SF IndieFest, and a whole lot more: new movies!

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YOU NEED SPEED

First things first: the San Francisco Independent Film Festival kicked off last night and runs through Feb. 21 at various venues (mostly the Roxie). Check out my interviews with local shorts directors here, and some top picks throughout the festival here.

Also this week: cult director Don Coscarelli's John Dies at the End (my chat with Mr. Bubba Ho-Tep here), Amy Berg's West Memphis Three doc, West of Memphis (check out Nicole Gluckstern's review here), and the Vortex Room's love-ly new series (Dennis Harvey's take here).

What's more, 1986 action classic Top Gun gets the 3D IMAX re-release treatment (because any list of things that are better when they're bigger, louder, and more in-yo-face include Soviet MiGs, Tom Cruise's teeth, and Kenny Loggins jams). Reviews of comedies Identity Thief and Shanghai Calling, plus Steven Soderbergh's maybe-swan song Side Effects, below the jump.

Identity Thief America is made up of asshole winners and nice guy losers — or at least that’s the thesis of Identity Thief, a comedy about a crying-clown credit card bandit (Melissa McCarthy) and the sweet sucker (Jason Bateman) she lures into her web of chaos. Bateman plays Sandy, a typical middle-class dude with a wife, two kids, and a third on the way. He’s always struggling to break even and just when it seems like his ship’s come in, Diana (McCarthy) jacks his identity — a crime that requires just five minutes in a dark room with Sandy’s social security number. Suddenly, his good name is contaminated with her prior arrests, drug-dealer entanglements, and mounting debt; it’s like the capitalist version of VD.  But as the “kind of person who has no friends,” Diana is as tragic as she is comic, providing McCarthy an acting opportunity no one saw coming when she was dispensing romantic advice on Gilmore Girls. Director Seth Gordon (2011's Horrible Bosses) treats this comedy like an action movie — as breakneck as slapstick gets — and he relies so heavily on discomfort humor that the film doesn’t just prompt laughs, it pokes you in the ribs until you laugh, man, LAUGH! While Identity Thief has a few complex moments about how defeating “sticking it to the man” can be (mostly because only middle men get hurt), it’s mostly as subtle as a pratfall and just as (un-)rewarding. (1:25) (Sara Maria Vizcarrondo)

Shanghai Calling Hotshot lawyer Sam Chao (Daniel Henney) is his NYC firm's top choice to be their man in Shanghai — much to his chagrin, since he puts the American in Chinese American. But off to the bustling, rapidly-expanding city he goes, knowing exactly only one word of Chinese ("fart"), and a classic fish-out-of-water comedy follows. His first day on the job, he bungles a billion-dollar deal, and spends the rest of the movie trying to set things right for his prickly client (Alan Ruck) — with the help of his ambitious assistant (Zhu Zhu), a perky relocation expert (Eliza Coupe), a fried-chicken mogul who runs an American-style bar (Bill Paxton), and a reporter who goes by the improbable moniker of "Awesome Wang" (Geng Le). Along the way, of course, he does some personal soul-searching, realizing there's more to life than fancy-restaurant reservations and a high-stakes career. Writer-director Daniel Hsia's Shanghai Calling doesn't break any new ground, but it's an undeniably entertaining tale of culture clash, backed up by an appealing cast to boot. (1:40) (Cheryl Eddy)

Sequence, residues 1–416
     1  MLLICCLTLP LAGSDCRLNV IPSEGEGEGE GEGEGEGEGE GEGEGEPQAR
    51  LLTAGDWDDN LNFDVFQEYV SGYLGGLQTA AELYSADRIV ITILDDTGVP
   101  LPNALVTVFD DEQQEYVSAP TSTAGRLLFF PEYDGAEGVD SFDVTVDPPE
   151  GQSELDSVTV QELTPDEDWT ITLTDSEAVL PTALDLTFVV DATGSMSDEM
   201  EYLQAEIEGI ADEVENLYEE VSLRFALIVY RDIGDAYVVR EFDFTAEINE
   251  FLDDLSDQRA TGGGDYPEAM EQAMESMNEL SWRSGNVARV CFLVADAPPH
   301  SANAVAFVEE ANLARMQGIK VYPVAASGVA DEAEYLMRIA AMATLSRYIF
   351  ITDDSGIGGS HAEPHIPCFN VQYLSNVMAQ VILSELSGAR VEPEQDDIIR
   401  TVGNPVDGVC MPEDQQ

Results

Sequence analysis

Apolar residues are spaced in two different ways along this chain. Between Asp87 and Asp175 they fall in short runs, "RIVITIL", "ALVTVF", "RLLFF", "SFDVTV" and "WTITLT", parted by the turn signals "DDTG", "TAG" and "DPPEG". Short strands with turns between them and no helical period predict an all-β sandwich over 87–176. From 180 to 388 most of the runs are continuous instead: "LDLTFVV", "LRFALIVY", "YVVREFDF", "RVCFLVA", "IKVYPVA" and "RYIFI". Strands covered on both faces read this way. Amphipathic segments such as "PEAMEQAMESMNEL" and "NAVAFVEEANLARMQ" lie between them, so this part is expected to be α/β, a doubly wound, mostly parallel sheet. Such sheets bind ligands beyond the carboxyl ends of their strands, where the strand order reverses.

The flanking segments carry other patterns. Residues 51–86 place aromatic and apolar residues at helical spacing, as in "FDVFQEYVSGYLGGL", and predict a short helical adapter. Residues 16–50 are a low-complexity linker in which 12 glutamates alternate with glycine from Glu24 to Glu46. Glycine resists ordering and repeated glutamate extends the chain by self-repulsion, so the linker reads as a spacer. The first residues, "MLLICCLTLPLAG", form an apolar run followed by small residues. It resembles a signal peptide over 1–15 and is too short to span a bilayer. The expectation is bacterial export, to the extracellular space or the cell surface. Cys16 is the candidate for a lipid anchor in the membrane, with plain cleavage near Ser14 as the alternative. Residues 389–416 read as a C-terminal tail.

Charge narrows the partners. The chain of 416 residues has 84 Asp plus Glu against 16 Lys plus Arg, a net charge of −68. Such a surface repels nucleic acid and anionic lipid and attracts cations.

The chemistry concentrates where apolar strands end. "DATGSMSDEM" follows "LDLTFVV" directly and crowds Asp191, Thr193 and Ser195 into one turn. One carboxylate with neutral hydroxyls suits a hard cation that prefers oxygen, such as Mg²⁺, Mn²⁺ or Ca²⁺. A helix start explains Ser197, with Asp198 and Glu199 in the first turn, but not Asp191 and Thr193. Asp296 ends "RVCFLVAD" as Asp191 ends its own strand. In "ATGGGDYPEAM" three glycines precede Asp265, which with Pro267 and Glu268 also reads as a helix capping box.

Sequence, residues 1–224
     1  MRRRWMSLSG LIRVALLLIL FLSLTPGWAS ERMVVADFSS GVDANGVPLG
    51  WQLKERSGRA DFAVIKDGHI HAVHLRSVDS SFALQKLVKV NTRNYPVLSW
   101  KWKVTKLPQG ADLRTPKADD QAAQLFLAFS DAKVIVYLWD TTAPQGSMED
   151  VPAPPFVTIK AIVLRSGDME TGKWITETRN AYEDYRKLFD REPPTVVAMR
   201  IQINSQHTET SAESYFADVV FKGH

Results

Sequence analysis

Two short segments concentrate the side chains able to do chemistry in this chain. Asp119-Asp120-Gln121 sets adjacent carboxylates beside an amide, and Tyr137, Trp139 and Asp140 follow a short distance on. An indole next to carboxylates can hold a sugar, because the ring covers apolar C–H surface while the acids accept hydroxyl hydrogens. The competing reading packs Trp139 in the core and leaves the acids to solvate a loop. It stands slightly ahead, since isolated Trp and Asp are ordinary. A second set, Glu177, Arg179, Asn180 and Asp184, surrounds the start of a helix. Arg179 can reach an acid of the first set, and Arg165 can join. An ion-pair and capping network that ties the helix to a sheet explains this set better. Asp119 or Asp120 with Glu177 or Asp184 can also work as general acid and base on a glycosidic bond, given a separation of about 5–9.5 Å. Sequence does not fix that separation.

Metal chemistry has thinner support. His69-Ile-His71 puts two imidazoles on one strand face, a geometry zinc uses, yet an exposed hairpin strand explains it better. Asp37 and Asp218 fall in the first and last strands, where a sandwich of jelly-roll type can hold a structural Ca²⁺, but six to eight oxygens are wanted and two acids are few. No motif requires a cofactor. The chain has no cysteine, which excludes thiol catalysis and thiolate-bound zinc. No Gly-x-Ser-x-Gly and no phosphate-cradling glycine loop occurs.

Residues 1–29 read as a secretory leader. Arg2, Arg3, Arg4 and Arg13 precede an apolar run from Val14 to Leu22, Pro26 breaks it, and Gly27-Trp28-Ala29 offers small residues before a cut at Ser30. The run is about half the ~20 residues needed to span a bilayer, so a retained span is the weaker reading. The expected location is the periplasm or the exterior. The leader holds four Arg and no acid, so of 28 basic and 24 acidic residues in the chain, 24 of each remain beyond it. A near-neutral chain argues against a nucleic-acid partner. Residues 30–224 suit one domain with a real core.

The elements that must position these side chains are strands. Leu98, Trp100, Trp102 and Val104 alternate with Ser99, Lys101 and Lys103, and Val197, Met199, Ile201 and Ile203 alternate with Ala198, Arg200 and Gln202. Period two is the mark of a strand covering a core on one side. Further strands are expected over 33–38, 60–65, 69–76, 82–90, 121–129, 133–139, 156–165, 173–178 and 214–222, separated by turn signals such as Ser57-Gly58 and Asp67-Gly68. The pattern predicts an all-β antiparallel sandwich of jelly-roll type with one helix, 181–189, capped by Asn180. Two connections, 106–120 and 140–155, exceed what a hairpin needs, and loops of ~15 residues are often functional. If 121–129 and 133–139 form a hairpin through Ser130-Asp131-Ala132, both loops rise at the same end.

Side Effects Though on the surface Channing Tatum appears to be his current muse, Steven Soderbergh seems to have gotten his smart, topical groove back, the one that spurred him to kick off his feature filmmaking career with the on-point Sex, Lies, and Videotape (1989) and went missing with the fun, featherweight Ocean’s franchise. (Alas, he's been making claims that Side Effects will be his last feature film.) Here, trendy designer antidepressants are the draw — mixed with the heady intoxicants of a murder mystery with a nice hard twist that would have intrigued either Hitchcock or Chabrol. As Side Effects opens, the waifish Emily Taylor (Rooney Mara), whose inside-trading hubby (Tatum) has just been released from prison, looks like a big-eyed little basket of nerves ready to combust — internally, it seems, when she drives her car into a wall. Therapist Jonathan Banks (Jude Law), who begins to treat her after her hospital stay, seems to care about her, but nevertheless reflexively prescribes the latest anti-anxiety med of the day, on the advice of her former doctor (Catherine Zeta-Jones). Where does his responsibility for Emily’s subsequent actions begin and end? Soderbergh and his very able cast fill out the issues admirably, with the urgency that was missing from the more clinical Contagion (2011) and the, ahem, meaty intelligence that was lacking in all but the more ingenious strip scenes of last year's Magic Mike. (1:30) (Kimberly Chun)

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